As hard as it is to get your 2012 returns done, smart investors are already starting to plan for next April's returns. With new income limits, phaseouts of itemized deductions and personal exemptions, the Medicare surtax, and new 20% maximum tax rates on dividends and long-term capital gains for high-income taxpayers, there's a lot to process.

Among the things to consider are the following:

  • Think about moving dividend-paying stocks into IRAs and other tax-favored accounts. Use ETFs and other tax-efficient investments in regular taxable accounts.
  • Before taking gains on selling investments, your home, or other assets that create capital gains, consider whether the sale will push your income so high that you're subject to new taxes.
  • Plan income and expenses to try to maximize tax benefits. Accelerating income into the current year no longer makes sense for most taxpayers; do what you can to boost your allowable deductions, but be aware that the AMT can render some deductions useless.

Get ready now
Unfortunately, as much as politicians talk about making taxes simpler, things only seem to get more complicated. Don't wait until the last minute; get ready for tax season now, and you'll have a much easier time of it.

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Read/Post Comments (4) | Recommend This Article (11)

Comments from our Foolish Readers

Help us keep this a respectfully Foolish area! This is a place for our readers to discuss, debate, and learn more about the Foolish investing topic you read about above. Help us keep it clean and safe. If you believe a comment is abusive or otherwise violates our Fool's Rules, please report it via the Report this Comment Report this Comment icon found on every comment.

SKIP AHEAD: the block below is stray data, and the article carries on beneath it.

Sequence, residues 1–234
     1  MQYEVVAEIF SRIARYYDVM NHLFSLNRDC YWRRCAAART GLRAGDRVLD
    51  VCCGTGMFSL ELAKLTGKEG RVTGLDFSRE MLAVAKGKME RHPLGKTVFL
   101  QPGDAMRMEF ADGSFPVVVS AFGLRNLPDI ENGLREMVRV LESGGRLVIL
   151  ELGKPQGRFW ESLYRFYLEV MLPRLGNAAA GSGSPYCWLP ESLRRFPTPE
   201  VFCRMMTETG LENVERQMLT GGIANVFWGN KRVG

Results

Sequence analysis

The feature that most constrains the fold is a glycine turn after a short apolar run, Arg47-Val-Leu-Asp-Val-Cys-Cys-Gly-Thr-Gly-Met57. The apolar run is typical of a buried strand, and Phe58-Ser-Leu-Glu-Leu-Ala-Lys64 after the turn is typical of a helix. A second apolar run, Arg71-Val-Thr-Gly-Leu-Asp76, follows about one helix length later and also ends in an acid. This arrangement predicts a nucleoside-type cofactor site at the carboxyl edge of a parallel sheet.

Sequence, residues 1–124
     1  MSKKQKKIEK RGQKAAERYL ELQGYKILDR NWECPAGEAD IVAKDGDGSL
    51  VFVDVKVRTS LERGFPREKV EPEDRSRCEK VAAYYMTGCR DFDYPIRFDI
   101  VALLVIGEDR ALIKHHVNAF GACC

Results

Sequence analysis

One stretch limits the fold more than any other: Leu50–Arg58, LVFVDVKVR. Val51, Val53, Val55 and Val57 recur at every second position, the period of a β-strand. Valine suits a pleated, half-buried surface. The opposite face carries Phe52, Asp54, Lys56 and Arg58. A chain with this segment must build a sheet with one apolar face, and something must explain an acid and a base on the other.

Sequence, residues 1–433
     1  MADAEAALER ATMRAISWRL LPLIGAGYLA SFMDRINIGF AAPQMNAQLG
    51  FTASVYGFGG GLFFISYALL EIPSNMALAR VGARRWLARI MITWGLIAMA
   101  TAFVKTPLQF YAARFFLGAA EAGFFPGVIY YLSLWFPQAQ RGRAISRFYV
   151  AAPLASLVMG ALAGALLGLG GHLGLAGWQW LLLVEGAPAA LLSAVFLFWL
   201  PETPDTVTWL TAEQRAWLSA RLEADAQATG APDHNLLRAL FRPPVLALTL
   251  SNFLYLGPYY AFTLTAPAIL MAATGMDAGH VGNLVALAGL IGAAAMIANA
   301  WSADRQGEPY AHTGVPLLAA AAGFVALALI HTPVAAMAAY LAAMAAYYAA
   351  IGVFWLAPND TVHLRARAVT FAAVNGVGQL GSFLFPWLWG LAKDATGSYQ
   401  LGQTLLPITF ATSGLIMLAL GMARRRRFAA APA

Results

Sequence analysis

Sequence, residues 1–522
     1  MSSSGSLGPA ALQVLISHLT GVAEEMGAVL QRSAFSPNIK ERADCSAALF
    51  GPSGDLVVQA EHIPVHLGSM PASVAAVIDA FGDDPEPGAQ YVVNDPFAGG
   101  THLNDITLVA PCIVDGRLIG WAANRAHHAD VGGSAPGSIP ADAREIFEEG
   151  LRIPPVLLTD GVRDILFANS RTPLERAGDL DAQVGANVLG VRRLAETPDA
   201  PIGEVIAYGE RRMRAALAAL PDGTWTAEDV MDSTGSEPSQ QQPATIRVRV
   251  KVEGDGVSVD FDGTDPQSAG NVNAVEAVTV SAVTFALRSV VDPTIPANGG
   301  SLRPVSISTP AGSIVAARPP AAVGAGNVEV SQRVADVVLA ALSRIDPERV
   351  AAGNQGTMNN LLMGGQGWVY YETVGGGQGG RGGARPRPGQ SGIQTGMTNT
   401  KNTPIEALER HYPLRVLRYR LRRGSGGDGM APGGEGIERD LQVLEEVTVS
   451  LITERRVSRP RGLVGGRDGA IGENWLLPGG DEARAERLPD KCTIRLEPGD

• Report this Comment On January 16, 2013, at 6:31 PM, TMFDarwood11 wrote:

    Good advice.

    Tax avoidance is and has always been legal. Tax evasion is not. So it's prudent to practice tax avoidance and to do so requires some personal financial knowledge.

    I also agree with your advice to open a Roth-IRA. It's a legitimate government incentive to support our retirement. Each and every worker should do so, and should design a financial plan that allows them to save 15% of net wages per year. Those savings should go to a Roth first, and then to other savings second.

    Time flies is the old and somewhat archaic expression. As someone who will be 67, I can attest to the surprise I have experienced in the morning when I see "that guy." Wow, it was only a few years ago it was this guy with hair on his head and who looked to be 40. I feel the same, or younger, so the image in the mirror must belong to someone else!

    Time flies and waits for no man, or woman!

  • Report this Comment On January 17, 2013, at 12:30 PM, 123spot wrote:

    Can I deduct medical expenses from capital gains/ dividend/ unearned income if I have no earned income this year. Or are those (extensive) medical costs a complete loss. Can medical costs be carried forward to next year when I might have earned income? I know you cannot give personal tax advice, but I think a general answer to this issue might help many. Spot

  • Report this Comment On January 17, 2013, at 6:06 PM, MichaelHamilton wrote:

    medical expenses can be itemized over a certain amount, it's in the tax form instructions. You have to spend a lot on medical for it to count.

  • Report this Comment On March 14, 2013, at 9:41 PM, mohamedziauddin wrote:

    Avoid the following types of investments in IRA'S:

    1.Foreign companies;they withhold foreign income tax,which you can't get credit an IRA